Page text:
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Manta Open Source Interactive Ray Tracer

Welcome to the Manta-wiki. Manta is a highly portable interactive ray tracing environment designed to be used on both workstations, clusters, and super computers and is distributed under the MIT license. Manta was initially created at the Scientific Computing and Imaging (SCI) Institute at the University of Utah and is now used by a larger community including academic research groups and companies. This wiki is a resource for both users and developers to describe usage, features, and design of the ray tracer.

For more information about the architecture of Manta please see this page.

Visit the build instructions page and then see instructions for getting started with Manta in a CMake project. License and copyright information.

Instructions for using Manta on a cluster is available at Distributed_Manta.

Additional questions may be sent to the user community mailing list: manta @ sci utah edu. You can subscribe by sending "subscribe manta" to majordomo @ sci utah edu. Mailing list archives back to 2005 are now online!

Source Code

You can stay informed of code changes by joining the manta-commits email list by emailing with "subscribe manta-commits" in the body of the email.

Checking out

Manta's source code is hosted in a Subversion repository at To check out the code, you must first install Subversion and then checkout the code using:

svn checkout --username anonymous Manta


Manta is built using CMake, a cross platform compilation utility. After installing CMake and having checked out Manta, create a build directory inside of the Manta directory (e.g. build). From there, run:

ccmake ../

which will bring up the CMake configuration tool. Simply configure any options that need to be set (most of the defaults are suitable), and finally ask CCMake to generate Makefiles. From there, you can simply use a standard make command. For more detailed information about the build process, see this page.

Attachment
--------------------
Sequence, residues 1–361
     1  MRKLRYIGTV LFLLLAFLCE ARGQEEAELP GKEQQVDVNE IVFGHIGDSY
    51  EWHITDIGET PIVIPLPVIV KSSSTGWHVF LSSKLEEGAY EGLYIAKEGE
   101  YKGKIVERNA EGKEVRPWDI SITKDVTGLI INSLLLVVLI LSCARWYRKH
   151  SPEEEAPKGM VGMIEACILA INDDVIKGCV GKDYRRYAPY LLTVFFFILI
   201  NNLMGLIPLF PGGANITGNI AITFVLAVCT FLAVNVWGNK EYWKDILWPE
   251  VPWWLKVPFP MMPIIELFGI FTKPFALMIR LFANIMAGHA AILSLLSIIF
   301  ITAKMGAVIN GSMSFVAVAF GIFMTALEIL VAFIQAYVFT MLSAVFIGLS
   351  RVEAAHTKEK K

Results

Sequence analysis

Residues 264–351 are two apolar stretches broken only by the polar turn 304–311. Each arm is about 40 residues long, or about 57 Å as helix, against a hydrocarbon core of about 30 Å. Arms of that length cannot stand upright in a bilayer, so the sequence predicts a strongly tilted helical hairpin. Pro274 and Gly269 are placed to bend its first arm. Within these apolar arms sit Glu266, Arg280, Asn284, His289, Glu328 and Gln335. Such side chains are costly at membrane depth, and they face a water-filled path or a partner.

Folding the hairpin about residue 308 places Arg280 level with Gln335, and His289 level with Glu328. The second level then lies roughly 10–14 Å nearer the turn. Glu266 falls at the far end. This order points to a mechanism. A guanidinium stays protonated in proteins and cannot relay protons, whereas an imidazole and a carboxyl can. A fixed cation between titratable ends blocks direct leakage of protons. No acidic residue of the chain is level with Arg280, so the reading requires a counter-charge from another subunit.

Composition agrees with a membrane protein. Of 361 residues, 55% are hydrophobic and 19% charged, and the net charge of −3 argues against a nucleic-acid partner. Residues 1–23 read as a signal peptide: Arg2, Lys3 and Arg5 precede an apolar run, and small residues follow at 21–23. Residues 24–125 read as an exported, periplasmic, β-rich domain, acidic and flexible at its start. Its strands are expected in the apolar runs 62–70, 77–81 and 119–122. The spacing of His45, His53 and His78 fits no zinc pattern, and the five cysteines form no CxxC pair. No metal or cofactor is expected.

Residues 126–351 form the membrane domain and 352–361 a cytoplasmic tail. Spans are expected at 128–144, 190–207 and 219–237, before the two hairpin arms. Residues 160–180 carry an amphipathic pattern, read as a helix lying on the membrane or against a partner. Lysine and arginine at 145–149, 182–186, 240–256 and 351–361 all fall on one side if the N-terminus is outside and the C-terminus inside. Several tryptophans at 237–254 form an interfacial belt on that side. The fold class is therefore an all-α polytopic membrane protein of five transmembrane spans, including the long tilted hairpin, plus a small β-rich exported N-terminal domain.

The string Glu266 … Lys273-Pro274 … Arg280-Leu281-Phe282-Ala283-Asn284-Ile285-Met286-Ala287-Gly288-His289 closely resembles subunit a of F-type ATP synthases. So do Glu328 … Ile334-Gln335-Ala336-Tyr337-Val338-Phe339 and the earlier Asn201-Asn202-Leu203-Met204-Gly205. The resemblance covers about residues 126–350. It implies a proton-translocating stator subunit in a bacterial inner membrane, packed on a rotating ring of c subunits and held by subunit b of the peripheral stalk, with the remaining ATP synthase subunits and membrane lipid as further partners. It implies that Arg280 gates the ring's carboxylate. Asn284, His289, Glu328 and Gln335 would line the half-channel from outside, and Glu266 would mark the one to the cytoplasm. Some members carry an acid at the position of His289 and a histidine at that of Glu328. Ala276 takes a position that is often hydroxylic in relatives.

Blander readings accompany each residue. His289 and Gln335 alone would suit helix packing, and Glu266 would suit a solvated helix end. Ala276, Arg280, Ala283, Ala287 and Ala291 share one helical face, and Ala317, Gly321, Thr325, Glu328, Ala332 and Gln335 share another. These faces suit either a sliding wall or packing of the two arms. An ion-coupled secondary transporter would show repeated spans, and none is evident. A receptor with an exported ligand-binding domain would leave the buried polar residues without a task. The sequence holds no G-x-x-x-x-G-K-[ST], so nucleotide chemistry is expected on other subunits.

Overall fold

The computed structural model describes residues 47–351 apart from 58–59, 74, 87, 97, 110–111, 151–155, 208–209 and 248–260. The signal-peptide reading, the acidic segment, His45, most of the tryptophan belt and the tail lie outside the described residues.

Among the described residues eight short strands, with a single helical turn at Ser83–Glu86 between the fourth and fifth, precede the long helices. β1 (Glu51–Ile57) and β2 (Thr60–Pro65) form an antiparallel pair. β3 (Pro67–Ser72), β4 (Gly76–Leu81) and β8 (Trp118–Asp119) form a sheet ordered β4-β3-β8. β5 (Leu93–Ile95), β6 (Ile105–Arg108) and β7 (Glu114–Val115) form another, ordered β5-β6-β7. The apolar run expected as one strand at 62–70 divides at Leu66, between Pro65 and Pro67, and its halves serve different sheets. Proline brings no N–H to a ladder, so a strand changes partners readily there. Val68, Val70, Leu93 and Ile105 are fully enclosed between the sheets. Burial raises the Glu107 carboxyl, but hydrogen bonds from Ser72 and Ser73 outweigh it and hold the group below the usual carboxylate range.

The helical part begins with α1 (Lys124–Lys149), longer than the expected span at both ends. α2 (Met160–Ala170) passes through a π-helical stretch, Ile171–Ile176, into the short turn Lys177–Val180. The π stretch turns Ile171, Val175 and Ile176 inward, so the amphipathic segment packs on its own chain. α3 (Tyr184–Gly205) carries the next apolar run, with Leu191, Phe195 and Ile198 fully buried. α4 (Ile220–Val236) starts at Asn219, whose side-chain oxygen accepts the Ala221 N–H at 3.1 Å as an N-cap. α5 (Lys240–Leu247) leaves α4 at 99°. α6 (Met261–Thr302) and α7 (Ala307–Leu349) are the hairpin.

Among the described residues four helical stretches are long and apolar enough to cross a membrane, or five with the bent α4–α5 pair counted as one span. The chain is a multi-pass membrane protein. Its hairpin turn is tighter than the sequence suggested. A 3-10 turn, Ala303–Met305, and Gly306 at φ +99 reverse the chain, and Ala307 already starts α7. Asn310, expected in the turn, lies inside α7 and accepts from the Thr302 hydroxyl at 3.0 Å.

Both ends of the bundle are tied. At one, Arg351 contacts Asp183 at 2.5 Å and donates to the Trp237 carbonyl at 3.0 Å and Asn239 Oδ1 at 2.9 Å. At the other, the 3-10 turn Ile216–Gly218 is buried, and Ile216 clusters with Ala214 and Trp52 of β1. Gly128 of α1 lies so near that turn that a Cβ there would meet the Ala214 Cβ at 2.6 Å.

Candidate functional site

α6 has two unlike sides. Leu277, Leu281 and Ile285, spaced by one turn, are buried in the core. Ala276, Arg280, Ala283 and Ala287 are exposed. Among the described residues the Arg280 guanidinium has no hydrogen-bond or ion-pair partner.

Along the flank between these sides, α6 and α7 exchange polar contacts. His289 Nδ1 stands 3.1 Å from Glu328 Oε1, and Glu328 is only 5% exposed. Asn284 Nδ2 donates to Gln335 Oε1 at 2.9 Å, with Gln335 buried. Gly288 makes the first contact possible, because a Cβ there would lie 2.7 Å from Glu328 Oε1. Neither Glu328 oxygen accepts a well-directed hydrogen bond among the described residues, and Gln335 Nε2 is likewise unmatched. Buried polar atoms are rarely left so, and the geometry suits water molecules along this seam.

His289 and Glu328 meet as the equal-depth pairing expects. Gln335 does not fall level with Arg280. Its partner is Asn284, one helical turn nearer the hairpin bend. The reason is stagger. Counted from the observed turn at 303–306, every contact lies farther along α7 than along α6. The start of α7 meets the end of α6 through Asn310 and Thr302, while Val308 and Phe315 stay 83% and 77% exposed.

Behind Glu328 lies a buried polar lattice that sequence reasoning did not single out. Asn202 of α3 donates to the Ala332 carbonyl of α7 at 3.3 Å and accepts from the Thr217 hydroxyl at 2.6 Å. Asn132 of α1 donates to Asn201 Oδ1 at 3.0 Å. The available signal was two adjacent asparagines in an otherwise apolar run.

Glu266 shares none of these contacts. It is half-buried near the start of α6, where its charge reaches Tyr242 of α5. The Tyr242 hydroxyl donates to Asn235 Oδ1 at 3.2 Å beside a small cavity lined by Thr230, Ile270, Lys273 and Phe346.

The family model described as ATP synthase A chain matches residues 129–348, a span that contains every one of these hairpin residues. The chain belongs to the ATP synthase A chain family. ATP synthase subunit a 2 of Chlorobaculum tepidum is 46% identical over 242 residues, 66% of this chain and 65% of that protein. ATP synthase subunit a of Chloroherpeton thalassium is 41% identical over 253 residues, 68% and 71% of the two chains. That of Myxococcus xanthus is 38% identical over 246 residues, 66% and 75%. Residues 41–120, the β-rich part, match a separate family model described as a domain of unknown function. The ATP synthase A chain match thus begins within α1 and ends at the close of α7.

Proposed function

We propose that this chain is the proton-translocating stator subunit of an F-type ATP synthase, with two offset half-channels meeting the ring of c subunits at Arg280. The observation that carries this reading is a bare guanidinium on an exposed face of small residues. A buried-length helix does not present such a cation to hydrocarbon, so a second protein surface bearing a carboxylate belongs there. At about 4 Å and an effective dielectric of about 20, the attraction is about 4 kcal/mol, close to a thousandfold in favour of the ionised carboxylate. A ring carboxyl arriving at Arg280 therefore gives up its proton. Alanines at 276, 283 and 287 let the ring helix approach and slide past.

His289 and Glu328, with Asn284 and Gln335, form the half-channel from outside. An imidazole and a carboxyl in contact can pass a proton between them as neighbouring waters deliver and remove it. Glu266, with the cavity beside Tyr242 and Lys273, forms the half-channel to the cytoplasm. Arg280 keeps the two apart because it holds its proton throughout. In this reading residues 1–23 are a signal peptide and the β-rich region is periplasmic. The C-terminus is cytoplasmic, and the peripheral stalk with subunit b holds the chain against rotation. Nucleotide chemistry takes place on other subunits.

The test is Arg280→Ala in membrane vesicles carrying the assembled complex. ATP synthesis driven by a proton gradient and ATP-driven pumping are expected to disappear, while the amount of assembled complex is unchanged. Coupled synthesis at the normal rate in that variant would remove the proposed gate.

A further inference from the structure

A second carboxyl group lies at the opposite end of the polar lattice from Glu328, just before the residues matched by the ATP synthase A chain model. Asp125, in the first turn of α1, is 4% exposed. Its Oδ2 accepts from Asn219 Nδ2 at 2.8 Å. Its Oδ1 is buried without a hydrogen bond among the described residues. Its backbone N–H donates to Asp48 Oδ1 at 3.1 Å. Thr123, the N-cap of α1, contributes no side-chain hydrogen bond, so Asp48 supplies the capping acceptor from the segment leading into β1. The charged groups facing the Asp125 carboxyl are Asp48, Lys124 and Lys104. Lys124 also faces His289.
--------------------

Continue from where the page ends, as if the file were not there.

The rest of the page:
After Manta is built, the bin directory will contain a standalone manta executable. On Unix based systems (including Mac OS X), if you have X running you can simply run bin/manta from inside your build directory and get a nice red sphere on a checkerboard. On windows there is currently no interactive viewer.

There are two ways to run Manta, from the simple command line interface bin/manta or through a python extension. Instructions for loading a triangle mesh using trianglesceneviewer.


Manta is an open source research project, and we welcome useful feature additions, bug fixes and performance improvements. If you'd like to contribute to Manta, see the Contributing page for more info. There a number of things to be done on the Wishlist.


Notes on the repository trunk.

Screen Shots

Wiki-cockpit-cropped.png Wiki-ambient-cockpit0.png

More screen shots.


Manta scenes are dynamically loaded modules which contain code for configuring the renderer's scene graph. Each scene accepts specific command line arguments. (Additional scenes, beyond those listed below appear in the repository.)

  • Iso-surface rendering: octisovol
  • Cornell Box: bin/manta -scene ../scenes/cornell_box.rtml (you'll need to increase MANTA_T_EPSILON using cmake)
  • Meshes: trianglesceneviewer

Benchmark tools


For help, you can send email to the "manta" mailing list at "" (manta@sci...).


J. Bigler, A. Stephens and S. G. Parker Design for Parallel Interactive Ray Tracing Systems Proceedings of the IEEE Symposium on Interactive Ray Tracing, 2006, (to appear) (pdf) (tech report)

A. Stephens, S. Boulos, J. Bigler, I. Wald, and S. G. Parker An Application of Scalable Massive Model Interaction using Shared Memory Systems Proceedings of the Eurographics Symposium on Parallel Graphics and Visualization, 2006, (to appear) (pdf)

Manta in VTK

T. Ize, C. Brownlee, C.D. Hansen. Real-Time Ray Tracer for Visualizing Massive Models on a Cluster, In Proceedings of the 2011 Eurographics Symposium on Parallel Graphics and Visualization, 2011. (pdf)

Conference Courses

D. Kasik, D. Manocha, A. Stephens. B. Bruderlin, P. Slusallek, E. Gobbetti, W. Correa, I. Quilez Tutorial 2: Real-time Interactive Massive Model Visualization. Eurographics 2006. Vienna.

P. Shirley, P. Slusallek, I. Wald, W. Mark, G. Stoll, D. Manocha, A. Stephens  Course 4: State of the Art in Interactive Ray Tracing. SIGGRAPH 2006. Boston. (web site)